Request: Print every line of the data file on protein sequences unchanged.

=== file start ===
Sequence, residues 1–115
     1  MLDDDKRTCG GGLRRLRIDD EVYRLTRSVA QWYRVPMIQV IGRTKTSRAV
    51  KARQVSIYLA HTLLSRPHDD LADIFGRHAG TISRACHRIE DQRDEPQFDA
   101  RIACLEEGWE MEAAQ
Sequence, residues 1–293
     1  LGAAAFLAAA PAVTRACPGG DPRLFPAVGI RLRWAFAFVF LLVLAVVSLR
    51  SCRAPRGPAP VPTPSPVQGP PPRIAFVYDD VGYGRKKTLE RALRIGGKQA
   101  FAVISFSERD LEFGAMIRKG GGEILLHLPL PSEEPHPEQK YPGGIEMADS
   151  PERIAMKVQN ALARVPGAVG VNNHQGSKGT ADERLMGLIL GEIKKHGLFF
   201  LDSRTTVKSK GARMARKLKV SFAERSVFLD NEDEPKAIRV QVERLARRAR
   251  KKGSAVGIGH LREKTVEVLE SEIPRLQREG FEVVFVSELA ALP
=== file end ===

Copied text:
Sequence, residues 1–115
     1  MLDDDKRTCG GGLRRLRIDD EVYRLTRSVA QWYRVPMIQV IGRTKTSRAV
    51  KARQVSIYLA HTLLSRPHDD LADIFGRHAG TISRACHRIE DQRDEPQFDA
   101  RIACLEEGWE MEAAQ
Sequence, residues 1–293
     1  LGAAAFLAAA PAVTRACPGG DPRLFPAVGI RLRWAFAFVF LLVLAVVSLR
    51  SCRAPRGPAP VPTPSPVQGP PPRIAFVYDD VGYGRKKTLE RALRIGGKQA
   101  FAVISFSERD LEFGAMIRKG GGEILLHLPL PSEEPHPEQK YPGGIEMADS
   151  PERIAMKVQN ALARVPGAVG VNNHQGSKGT ADERLMGLIL GEIKKHGLFF
   201  LDSRTTVKSK GARMARKLKV SFAERSVFLD NEDEPKAIRV QVERLARRAR
   251  KKGSAVGIGH LREKTVEVLE SEIPRLQREG FEVVFVSELA ALP